In June 2004, when Mencap were still doing powerful campaigning work, they published Treat me right! about the challenges of accessing healthcare if you had a learning disability. This was followed in 2007 by their publication Death By Indifference. In Summer 2008 Sir Jonathan Michael’s report Report Healthcare for All was published, which was followed the following year by the LGO/PHSO Six Lives report. One of the recommendations of the Michael Report was a Confidential Inquiry into the Premature Deaths of People with Learning Disabilities, CIPOLD, this was published in 2013.

Jumping back to the Urgent Question in Parliament on Tuesday, the first time MPs had sat since the report was snuck out. I’m not going to say anything about the utter contempt Jeremy Hunt showed the nation as he snuck out of the chamber after the question had been addressed to him.

You can read the whole debate here, but I just wanted to reflect on my own MP’s contribution:

Wow. Let’s look closely at this contribution.

While the review’s conclusions make difficult reading in some ways,

In what ways aren’t they difficult? Honestly, find me one? We’re pretty much allowing a certain section of society to die prematurely because we don’t care enough.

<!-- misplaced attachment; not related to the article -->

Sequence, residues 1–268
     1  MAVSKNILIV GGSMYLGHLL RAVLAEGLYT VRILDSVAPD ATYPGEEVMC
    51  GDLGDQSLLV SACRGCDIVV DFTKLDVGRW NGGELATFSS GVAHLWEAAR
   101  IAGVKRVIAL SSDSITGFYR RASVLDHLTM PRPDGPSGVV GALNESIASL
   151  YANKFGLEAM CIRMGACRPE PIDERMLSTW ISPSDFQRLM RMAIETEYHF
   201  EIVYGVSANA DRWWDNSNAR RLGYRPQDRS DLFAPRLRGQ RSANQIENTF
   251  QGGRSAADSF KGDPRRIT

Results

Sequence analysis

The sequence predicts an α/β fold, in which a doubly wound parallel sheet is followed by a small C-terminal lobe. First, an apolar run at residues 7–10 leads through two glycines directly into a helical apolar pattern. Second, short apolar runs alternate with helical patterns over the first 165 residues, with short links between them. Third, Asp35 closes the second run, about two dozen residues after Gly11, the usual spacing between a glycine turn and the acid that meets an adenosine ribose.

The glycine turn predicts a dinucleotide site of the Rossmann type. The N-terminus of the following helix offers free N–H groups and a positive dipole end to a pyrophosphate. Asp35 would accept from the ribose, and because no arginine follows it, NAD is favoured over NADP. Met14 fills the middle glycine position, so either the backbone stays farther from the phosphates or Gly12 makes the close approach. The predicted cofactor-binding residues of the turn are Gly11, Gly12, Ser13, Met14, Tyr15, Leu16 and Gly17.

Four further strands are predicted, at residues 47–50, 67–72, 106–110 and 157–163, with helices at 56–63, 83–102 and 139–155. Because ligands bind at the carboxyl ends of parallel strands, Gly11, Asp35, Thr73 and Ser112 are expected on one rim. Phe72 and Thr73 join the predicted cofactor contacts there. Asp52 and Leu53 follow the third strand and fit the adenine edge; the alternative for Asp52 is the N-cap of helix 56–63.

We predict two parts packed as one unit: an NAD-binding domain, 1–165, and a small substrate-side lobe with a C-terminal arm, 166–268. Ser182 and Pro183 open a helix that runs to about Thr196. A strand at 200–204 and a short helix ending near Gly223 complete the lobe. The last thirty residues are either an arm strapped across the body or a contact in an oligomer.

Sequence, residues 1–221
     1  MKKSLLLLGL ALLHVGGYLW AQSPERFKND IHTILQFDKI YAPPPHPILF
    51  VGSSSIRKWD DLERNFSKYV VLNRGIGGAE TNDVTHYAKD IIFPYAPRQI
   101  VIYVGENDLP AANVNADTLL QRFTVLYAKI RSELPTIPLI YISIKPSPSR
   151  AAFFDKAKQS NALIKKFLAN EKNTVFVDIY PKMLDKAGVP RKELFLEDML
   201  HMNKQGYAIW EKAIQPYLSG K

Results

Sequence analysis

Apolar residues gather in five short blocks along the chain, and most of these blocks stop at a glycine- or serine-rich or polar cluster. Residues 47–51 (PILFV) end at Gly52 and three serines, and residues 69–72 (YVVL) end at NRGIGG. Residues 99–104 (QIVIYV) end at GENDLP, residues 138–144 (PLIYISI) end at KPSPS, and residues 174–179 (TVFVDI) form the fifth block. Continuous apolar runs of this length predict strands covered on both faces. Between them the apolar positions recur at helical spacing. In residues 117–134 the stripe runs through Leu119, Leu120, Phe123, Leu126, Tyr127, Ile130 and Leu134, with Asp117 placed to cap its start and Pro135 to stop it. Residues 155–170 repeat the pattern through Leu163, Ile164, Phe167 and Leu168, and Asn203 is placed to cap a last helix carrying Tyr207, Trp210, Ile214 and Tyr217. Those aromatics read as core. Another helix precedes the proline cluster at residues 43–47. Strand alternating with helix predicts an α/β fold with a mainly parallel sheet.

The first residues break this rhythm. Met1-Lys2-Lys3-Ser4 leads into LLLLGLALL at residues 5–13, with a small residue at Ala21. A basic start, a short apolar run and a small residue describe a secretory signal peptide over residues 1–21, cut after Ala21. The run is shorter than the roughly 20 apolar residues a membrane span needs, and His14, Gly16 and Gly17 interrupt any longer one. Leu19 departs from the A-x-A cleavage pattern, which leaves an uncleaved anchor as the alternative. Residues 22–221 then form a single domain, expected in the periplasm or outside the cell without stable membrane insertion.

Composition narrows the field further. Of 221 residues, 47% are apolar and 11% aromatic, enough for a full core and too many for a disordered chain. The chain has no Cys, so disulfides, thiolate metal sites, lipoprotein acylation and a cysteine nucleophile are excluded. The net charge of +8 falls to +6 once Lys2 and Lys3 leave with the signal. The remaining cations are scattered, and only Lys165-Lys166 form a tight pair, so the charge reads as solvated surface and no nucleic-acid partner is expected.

it is welcome that it happened, given that it is a world first

Nah, it’s not. There’s nothing first about this at all.

We’ve know about the premature mortality of learning disabled people for years – so that’s not new.

The CIPOLD review looked at the deaths of 247 learning disabled people, this report focused on just 103 completed review, of the 1,311 deaths notified to LEDER. That’s right, the world first had a 10% success rate in terms of deaths reviewed. So the scale of reviewing isn’t new, or even that impressive.

There have been mortality review boards looking at the deaths of learning disabled people in parts of the US for some time, Irene reference’s them in her blog post. So that’s not new.

If there is any world first in this, it’s how badly the Tories have funded the LEDER programme and how badly they have managed its dissemination. There was a correction to Hansard and a point of order the following day to point out Caroline Dinenage had lied to Parliament about the publication of the report, turns out her department did know about the publication date after all.

So back to Mr Foster.

and that it gives us the chance to have this discussion

Honestly? Why do MPs need another report to enable them to have a discussion?